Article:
MFA

I had a friend once who insisted she knew exactly what MFA stood for — and it wasn’t Master of Fine Arts.

The back and forth about what it means to be a writer, how to become a writer, and whether writing can be taught will never be settled, because it’s a matter of personal preference almost as prickly as religion. The MFA crowd — those who have them, those who pursue them — clearly believe that the couple of years and tons of money spent in pursuit of that degree is worthwhile. And of course, many of the very finest writers have no MFA, and some of them never went to college.

Cary Tennis (the advice columnist at Salon who I think is really good at what he does) had a letter from a young woman who desired a particular MFA above all other things and has come to doubt her goals, her priorities, and her choices. Radiant Robyn Bender sent me the link, but beware, I don’t know how long it will be available to non-subscribers.

So I was reading over his response, which encapsulates a lot of his own experiences as a writing in training, and I got irritated. Very, very irritated. I’m still trying to figure out exactly what button it was that got pushed, but I believe that it has something to do with his tone, which was understanding and kindly and empathetic.

What I wanted to do was smack the kid.

His final word of advice to the reluctant student:

So finish your degree and take care of your writing as you would take care of an animal or a child. Do not send it out into the world to do an adult’s job. Just take care of it and, in its own way, it will take care of you.

This feels so wrong to me, I don’t even know where to start. Too twee, too zen, too something. Practical problems call for practical decisions, seems to me.

I’m still thinking a smack would do her more good. You know the movie Moonstruck, when Nicolas Cage is making moon eyes at Cher? And she’s had enough, so she smacks him and shouts: Snap outta it!

That.

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3 Replies to “MFA”

  1. *nods* Yup, yup…I felt the same way you did. I’m not even entirely sure if this is a letter meant to say “You need an MFA in order to take care of your writing” or if it was just a self-absorping piece of drivel.

    Here’s my thought on an MFA:

    I thought at one time I should get one. Why? Because I thought to be considered legitimate, I should have that degree.

    Here’s what I’ve learned over the years: No degree makes you legitimate. Experience and proving oneself in the real world is what causes people to notice your work and consider you “real.”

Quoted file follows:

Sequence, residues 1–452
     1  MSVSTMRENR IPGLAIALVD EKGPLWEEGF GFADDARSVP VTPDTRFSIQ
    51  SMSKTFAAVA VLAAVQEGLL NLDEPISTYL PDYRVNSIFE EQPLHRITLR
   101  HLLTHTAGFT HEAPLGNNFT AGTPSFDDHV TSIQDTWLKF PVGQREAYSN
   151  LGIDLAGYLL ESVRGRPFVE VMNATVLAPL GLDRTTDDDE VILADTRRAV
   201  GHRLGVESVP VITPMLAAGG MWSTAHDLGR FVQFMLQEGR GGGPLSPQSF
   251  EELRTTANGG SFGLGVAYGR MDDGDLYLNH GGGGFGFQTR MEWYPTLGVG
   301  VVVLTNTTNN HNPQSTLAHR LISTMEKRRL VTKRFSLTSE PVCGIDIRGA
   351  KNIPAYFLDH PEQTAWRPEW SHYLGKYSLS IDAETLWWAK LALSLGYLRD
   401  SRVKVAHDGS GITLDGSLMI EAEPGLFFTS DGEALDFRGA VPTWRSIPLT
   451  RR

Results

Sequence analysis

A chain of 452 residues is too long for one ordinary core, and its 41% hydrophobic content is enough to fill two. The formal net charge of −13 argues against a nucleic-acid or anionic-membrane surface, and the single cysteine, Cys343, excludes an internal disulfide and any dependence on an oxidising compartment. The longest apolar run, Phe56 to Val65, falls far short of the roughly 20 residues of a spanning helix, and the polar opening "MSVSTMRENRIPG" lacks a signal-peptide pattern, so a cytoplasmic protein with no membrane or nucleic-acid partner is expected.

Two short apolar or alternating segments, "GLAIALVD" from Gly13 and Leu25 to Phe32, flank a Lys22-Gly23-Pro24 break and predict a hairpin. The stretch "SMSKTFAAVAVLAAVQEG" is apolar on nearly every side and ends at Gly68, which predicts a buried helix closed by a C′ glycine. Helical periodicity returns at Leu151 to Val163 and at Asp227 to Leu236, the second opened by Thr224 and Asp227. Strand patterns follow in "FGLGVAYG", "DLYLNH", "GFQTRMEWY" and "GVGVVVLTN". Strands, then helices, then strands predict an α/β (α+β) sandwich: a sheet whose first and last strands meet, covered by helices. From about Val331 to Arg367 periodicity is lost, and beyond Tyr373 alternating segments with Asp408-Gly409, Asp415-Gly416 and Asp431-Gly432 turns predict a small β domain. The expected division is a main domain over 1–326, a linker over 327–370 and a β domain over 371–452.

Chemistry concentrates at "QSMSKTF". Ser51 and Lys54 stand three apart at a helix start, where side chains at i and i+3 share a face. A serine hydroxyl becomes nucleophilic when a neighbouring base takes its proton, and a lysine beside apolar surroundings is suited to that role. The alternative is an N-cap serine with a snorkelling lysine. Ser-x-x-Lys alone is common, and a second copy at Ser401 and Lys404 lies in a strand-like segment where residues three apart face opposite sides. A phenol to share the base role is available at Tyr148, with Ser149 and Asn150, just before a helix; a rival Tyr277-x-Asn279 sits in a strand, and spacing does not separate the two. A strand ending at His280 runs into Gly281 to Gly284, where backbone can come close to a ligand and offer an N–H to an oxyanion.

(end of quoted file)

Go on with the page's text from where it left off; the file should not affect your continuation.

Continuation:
2. I read the Cary thing. I thought his response was very personal. I don’t know anything about Cary. But I read his response, and learned a bit about how he came to be a writer, his approach to writing, and how he will soon be an MFA graduate despite it all. I got the impression the woman’s letter was a trip down memory lane for Cary, and he lingered there overly long. He stated that “writing is … about soul. It is a tool for becoming who you are.” How does that line answer one of the woman’s questions: “I’m going to stay and finish my degree, but I’ve been thinking a lot lately about never writing a word afterward. Does that make me a terrible person?”

    The follow-up article Cary wrote, and the letters responding to his articles are interesting, but involve a lot of grad school concerns, and it really took me back in time. Why am I feeling so old, all sudden-like?

  3. Okay, let me give you my final word on the MFA because too many people believe the MFA is a degree you get if you want to write. So not true — you get an MFA if you want to TEACH creative writing. So will you become a better writer if you get an MFA? Probably. But that doesn’t mean you wouldn’t have become a better writer all on your own either. I have an MFA in creative writing because I want to eventually teach at the graduate level. I’m completely glad (despite the debt) that I got it because I feel like I grew as a writer in those two years much faster than if I had been left to my devices. But that’s just me. I’m a very lazy person and it has taken me years to be productive without that classroom deadline looming over me. I’m planning on going back for my PhD next year because I feel it would give me an advantage and some much needed teaching experience (and I’m a geek who is totally addicted to school). So in summary, an MFA is necessary if you want to teach (unless you happen to already be a bestselling author, then they’ll probably let you teach without one, but then why would you want to?), it is not necessary if you want to write. But it can be very beneficial. It just depends what you need as a writer.

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